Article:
I found my little space at a table near one of the screens. Unfortunately I didn’t have my flag with me to tag it as completely mine, so in the end, people ended up sharing the space with me. Normally I would have been extremely annoyed at having to come into less than 1 metre contact with a stranger, but these days my shyness is slowly dissipating more and more.

What really annoyed me, though, and I still don’t know whether I should be angry at myself or the person who said the words, was the fact that, this person who started to talk to me realised that I was ‘female’ (that I had female anatomy)…He just so nonchalantly said those words that made me realise, I’m not stealth in my gender yet. Eventhuogh I recently had my breasts removed, he apparently knew I had other female anatomy, for he used female titles with me…WHY?????

Then, on the way home, there was a couple of people in the tram (a coupl?). The guy let the woman go in first, and I was standing right behind them, waiting for them to get going so I could find a seat. The guy turned and looked at me and said: ladies first and urged me to go ahead. I was startled, because, on the one hand, I found it nice that wanted to let me go first, but on the other, I was annoyed that he assumed that I was a ‘lady’ (and thus female). Once again, I couldn’t fathom how these people could tell, since even my own family and I myself sometimes don’t know for sure what I am…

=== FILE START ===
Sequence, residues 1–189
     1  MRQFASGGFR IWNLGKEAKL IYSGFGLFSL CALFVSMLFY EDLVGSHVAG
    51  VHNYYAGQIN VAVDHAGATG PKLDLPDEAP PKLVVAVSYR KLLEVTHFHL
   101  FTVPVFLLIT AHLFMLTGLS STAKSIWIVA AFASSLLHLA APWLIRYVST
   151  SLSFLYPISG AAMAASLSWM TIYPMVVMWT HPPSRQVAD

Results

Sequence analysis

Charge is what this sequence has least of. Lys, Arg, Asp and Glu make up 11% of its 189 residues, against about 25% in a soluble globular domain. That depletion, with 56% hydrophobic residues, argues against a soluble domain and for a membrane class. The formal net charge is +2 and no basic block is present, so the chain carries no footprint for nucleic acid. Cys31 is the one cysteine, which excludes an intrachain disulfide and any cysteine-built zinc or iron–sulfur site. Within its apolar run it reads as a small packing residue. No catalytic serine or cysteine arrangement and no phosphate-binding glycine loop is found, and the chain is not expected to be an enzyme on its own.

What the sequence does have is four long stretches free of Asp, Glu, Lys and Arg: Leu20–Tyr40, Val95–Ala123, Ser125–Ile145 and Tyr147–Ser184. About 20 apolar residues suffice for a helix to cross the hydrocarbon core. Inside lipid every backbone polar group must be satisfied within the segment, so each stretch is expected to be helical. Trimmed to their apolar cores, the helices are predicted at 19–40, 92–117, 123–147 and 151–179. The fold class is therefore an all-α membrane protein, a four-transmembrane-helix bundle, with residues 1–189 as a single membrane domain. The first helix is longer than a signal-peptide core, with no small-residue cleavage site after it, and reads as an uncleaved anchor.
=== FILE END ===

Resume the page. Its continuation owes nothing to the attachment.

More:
I actually responded to that guy that I wasn’t a lady and urged him to go in front, instead. He did, and I don’t know what he thought of me. I hope he realises that his behaviour was not necessarily patronising and wrong as such, but with the wrong kind of person, his behaviour did not have the result he probably intended his action to have. I was a bit torn at how to respond because I wasn’t prepared for this and did not want to give the wrong impression, In the end, I decided to try to communicate my feelings by denying this man the right to be ‘a gentleman’, as I believe I have the right to do so. For he explicitly said “ladies first”, thus his niceness and gentlemanly behaviour was only directed towars a female gender (lady), thus conditional. It gave me the option either to accept and thus accept the gender he was adressing, as well, or decline, and thereby not receive special (nice) treatment.